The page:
Michigan’s location in the northern tier of states and at the northwestern edge of the Eastern Time Zone is a big-time bonanza for summertime golfers: Its long-lingering daylight hours extend the window for tee-times.

“It seems like summer days last forever in Michigan,” says Jon Scott, president of Gull Lake View Golf Club & Resort in Augusta, near Kalamazoo. “You get an additional hour each day here, all summer long, to play golf. It gets light at six in the morning and you can play golf until 10 o’clock at night.”

That time bonus contributes to the popularity of his family-owned, third-generation golf club in Southwest Michigan, 2 1⁄2 hours northeast of Chicago. The resort’s success over nearly six decades inspired the addition in 2016 of a sixth course, Stoatin Brae, whose wide open, true-links layout is strikingly different f rom its other five parkland-style courses. Designed by Tom Doak’s Renaissance Golf, the new championship course rounds out the experience, cementing Gull Lake’s reputation as a multi-day destination getaway for golfers of all handicaps.

Stoatin Brae, or “grand hill” in Scottish Gaelic, is just one of several new developments on the Michigan golf scene, which boasts more than 650 public courses. Two other top-tier additions are the South Course at Arcadia Bluffs, which opened north of Manistee in fall 2018, and Sage Run Golf Club, entering its third season at Island Resort & Casino in the Upper Peninsula near Escanaba.

Here’s a look:

SAGE RUN

“Rough and rugged” is how golf course architect Paul Albanese describes Sage Run, the second of two courses he designed at Island Resort & Casino. Others have called it intimidating, and everyone agrees it is challenging, thanks to dramatic elevation changes; bunkers edged with long grasses; and firm, undulating greens, including several with blind approaches. The course, stretching 7,375 yards f rom the tips, made Golf Digest’s list of “Best New Courses” in 2019.

Inspired by Northern Ireland’s Royal County Down, the tree-lined, sometimes windy par-72 track is defined by its drumlin, the long sloping glacial ridge that runs through the property. “The holes go around, over and through it,” Albanese says.

Located eight country miles from the resort, with no houses around, Sage Run is serene—so quiet it’s almost other- worldly. It hosted last fall’s inaugural intercollegiate NCAA Invitational, and is a fine complement to its manicured, Native American-themed sister course, Sweetgrass, annual host of the Symetra Tour for LPGA-aspiring golfers.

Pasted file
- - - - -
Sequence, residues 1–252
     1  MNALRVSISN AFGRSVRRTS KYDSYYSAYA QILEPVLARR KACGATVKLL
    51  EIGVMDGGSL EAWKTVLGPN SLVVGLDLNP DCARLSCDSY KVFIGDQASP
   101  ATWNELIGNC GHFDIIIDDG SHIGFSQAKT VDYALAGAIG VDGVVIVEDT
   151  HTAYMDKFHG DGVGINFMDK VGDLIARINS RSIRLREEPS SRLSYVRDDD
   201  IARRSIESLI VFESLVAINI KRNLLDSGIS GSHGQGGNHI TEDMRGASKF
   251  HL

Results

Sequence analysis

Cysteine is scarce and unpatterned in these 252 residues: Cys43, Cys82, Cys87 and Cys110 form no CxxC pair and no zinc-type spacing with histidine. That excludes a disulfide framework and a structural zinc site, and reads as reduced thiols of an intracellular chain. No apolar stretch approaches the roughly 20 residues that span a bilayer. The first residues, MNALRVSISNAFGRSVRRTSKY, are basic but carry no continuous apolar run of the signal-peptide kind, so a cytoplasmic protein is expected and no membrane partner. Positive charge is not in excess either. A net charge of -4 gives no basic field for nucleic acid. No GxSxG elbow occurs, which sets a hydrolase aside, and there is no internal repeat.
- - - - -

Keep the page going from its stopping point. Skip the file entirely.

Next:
Off the golf courses, there’s plenty of excitement at Island Resort casino, owned by the Hannahville Indian Community. The complex features a high-rise hotel with 326 rooms and suites, a 42-site RV park, a contemporary spa, and concert space for headliners such as The Guess Who and The Marshall Tucker Band. Among several bars and restaurants, 5 Bridges Pub serves a memorable prime rib sandwich with bacon, melted cheese and onion tangles. islandresortandcasino.com

SOUTH COURSE AT ARCADIA BLUFFS

“Complexity veiled by simplicity” is what designers envisioned when creating this flat, wide open and virtually treeless par-72 layout reminiscent of the private Chicago Golf Club, an old-style classic. Located a mile inland with no water views, it complements Arcadia’s original Bluffs Course, which overlooks Lake Michigan and was deemed the state’s “best course you can play” by Golfweek magazine.

Backdrop-free on most holes, the South Course is a deceptively simple, links-style layout whose sharp angles, straight lines and frequent wind require a bump-and- run mentality. Stand-out features include wide fairways and huge, squared-off greens. Ribbon-like, rectangular bunkers with flat floors and steep walls add to the challenge. Five sets of tees range from 5,281 to 7,412 yards.

After a round, golfers may order walleye, perch or other specialties in the new, Nantucket-style clubhouse. No visit is complete without toasting the sunset at the original course with a Bluffs Bloody or Arcadia Lemonade, as a bagpiper plays on a lakeside bluff. Grab an Adirondack chair or adjourn to The Dining Room or deck, where gourmet specialties include Scottish salmon and tomahawk ribeye.

Reserve far in advance for one of three- dozen rooms in Arcadia’s two upscale lodges or its handful of family-friendly cottages. arcadiabluffs.com

STOATIN BRAE

With views extending for miles, this windy, elevated par-71 layout—an apple orchard in a previous life—features punishing heather in the rough, no forced carries or water hazards, and some of the most challenging greens around. It was ranked fifth in Golfweek’s 2019 list of Michigan’s “best courses you can play” and offers four sets of tees ranging from 6,764 to 4,943 yards.

The clubhouse restaurant, Blue Stem, is named for a native grass on the course. Good bets are the smoked fish chowder, shrimp and grits, smoked pork chop and peanut butter pie.

Gull Lake View’s accommodations include fairway villas, deluxe suites and cottages. Ask about golf-and-stay packages for various budgets.

The resort’s location about midway between Kalamazoo and Battle Creek is convenient to shopping, restaurants and theater; other area attractions include the Air Zoo Aerospace & Science Museum in Portage, Gilmore Car Museum in Hickory Corners, mountain biking trails at Fort Custer and wine tasting in Paw Paw, plus Gull Lake boating and other activities. gulllakeview.com


Photo courtesy Stoatin Brae

Author

Susan R. Pollack is an award-winning travel writer in suburban Detroit.

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